Anthony Griffin isn’t the victim in the Penrith saga

Andrew Jackson Roar Guru

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    Every story needs its villain.

    The trident-wielding figure who deceives us, twisting and distorting what is true. Then there’s the innocent victim, the bearer of all that is good and pure in the world.

    There have been two main protagonists in this week’s story. Phil Gould and Anthony Griffin.

    And there aren’t any prizes for guessing which one’s which.

    However, the real victim out of this fiasco isn’t Griffin. And Gould isn’t the only villain either.

    The Wests Tigers have obviously suffered after their club was dragged into the drama. It’s an unwelcome distraction as they look to continue their late charge towards a top eight spot.

    But there’s another fatality from this soap opera. One that few have considered.

    The Penrith Panthers themselves.

    Criticise Gould all you want. He doesn’t care.

    But don’t bash the Panthers as a club for his individual actions. Especially without first considering Griffin’s role.

    Phil Gould talks with Peter Wallace on the field.

    Phil Gould has denied he’s been pulling the strings at Penrith. (Photo: Tony Feder/Getty Images)

    Calm and collected, the former Penrith coach appeared on Fox League’s NRL 360 on Wednesday night to present his side of the story.

    The online community rose in support for the unfortunate victim of Gould’s ego as the pitchforks came out for the Penrith supremo.

    And sure, Griffin did handle himself well and claimed some responsibility, especially in relation to Matt Moylan’s demise.

    However, very few people actually considered what he said and instead were charmed by his composed demeanour, not even thinking of questioning anything that he brought up.

    Like the fact that he claimed Penrith was a mess when he arrived in 2016 and that its junior development system was in a foetal position.

    Outside of those who supported the club, everyone else remained blissfully unaware of how grossly incorrect this statement was. After all, Griffin did say it in a respectful manner.

    The victim out of this interview was the Penrith Panthers. The club prides itself on developing its own players to be the best they can be.

    In the reign of Matthew Elliott, before Ivan Cleary was brought in as head coach, only 20 per cent of the Panthers squad consisted of local products.

    Fast-forward to 2018 and this number stood at 80 per cent, with the likes of Nathan Cleary, Dallin Watene-Zelezniak and Sione Katoa now regular first-graders after coming through the club’s lower grades.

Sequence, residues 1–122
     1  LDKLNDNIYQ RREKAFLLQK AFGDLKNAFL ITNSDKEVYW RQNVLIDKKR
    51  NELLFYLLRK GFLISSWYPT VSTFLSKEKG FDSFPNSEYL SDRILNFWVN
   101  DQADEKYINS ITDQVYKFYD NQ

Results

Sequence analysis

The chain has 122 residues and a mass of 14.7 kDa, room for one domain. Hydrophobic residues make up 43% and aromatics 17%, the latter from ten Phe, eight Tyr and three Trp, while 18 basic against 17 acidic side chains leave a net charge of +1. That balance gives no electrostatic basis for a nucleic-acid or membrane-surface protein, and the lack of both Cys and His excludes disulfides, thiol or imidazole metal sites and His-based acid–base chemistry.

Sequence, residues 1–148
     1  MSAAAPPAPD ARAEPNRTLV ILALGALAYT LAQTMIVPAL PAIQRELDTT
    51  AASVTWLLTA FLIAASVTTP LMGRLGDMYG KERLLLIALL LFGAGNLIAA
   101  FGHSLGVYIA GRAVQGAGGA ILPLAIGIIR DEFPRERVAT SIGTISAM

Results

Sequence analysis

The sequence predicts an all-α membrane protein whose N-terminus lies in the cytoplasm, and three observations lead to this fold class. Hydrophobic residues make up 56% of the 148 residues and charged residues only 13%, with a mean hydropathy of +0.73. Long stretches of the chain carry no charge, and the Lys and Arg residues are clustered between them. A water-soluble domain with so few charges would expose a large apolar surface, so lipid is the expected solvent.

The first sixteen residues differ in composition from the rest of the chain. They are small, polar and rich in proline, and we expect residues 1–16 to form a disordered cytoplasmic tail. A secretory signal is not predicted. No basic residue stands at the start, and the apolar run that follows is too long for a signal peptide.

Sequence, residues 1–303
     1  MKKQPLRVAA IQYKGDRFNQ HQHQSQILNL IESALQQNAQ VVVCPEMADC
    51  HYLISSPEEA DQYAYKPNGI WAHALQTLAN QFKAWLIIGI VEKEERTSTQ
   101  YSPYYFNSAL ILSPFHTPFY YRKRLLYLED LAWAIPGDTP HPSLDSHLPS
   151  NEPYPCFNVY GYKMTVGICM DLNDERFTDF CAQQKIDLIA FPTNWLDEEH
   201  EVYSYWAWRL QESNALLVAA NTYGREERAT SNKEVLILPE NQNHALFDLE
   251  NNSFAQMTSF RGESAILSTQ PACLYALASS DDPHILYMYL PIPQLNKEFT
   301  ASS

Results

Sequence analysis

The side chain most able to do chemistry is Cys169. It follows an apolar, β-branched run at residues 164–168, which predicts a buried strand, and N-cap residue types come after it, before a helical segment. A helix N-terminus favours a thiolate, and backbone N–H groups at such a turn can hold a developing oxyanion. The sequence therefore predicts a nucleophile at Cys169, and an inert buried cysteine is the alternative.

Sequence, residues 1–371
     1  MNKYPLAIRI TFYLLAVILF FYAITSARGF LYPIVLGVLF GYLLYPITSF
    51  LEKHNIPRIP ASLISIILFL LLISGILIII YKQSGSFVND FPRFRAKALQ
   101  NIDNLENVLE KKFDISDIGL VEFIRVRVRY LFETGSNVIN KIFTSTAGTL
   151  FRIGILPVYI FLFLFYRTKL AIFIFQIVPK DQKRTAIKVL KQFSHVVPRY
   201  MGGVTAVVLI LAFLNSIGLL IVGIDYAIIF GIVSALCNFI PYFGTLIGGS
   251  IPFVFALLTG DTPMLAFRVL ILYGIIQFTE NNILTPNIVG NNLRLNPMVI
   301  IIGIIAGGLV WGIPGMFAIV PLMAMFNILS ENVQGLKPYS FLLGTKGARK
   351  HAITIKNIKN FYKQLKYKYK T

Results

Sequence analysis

During Cleary’s three-year coaching stint, Penrith had claimed two National Youth Competition premierships. They also won the New South Wales Cup in 2014.

    Current first-graders Waqa Blake, Watene-Zelezniak, Isaah Yeo, Reagan Campbell-Gillard had all made their debuts under Cleary.

    And 11 other juniors including Dylan Edwards, Cleary, Corey Harawira-Naera and James Fisher-Harris were already heading towards a similar path.

    Even further down the line, the Panthers had qualified for back-to-back SG Ball Grand Finals.

    According to Griffin, however, “the place was KFC and run around the oval.”

    In other words, during his time as coach, he had revolutionised the club’s development of its junior talent from lazy to the high-quality system it is now.

    Former Penrith coach Anthony Griffin at a press conference.

    (Photo: Mark Evans/Getty Images)

    It is a claim that has been accepted by the majority of punters, simply because it fits their anti-Gould sentiments.

    And you are most certainly allowed to hate Gould if you want to. But don’t extend that to the people who have worked too hard to get its development system to where it is now.

    The club already spends around $2.6 million a year on its grassroots and junior rugby league development system.

    This is the image that Penrith has branded itself around.

    Which brings me to Gould.

    The 60-year-old has not exactly made this situation any better.

    While he has appeared for several media opportunities to tell his story, the tune of his narrative suddenly shifted on Thursday night when he revealed completely new information about Griffin’s sacking, including his fractured relationship with new coach Cameron Ciraldo.

    Choosing to air this on Channel Nine wasn’t a smart move. Intentional or not, the angry mob only hoisted their pitchforks higher in the air.

    Again, people’s hatred towards Gould again extended towards the Panthers as a club, with some even going as far as to say that Manly had been usurped as the most despised team in the competition.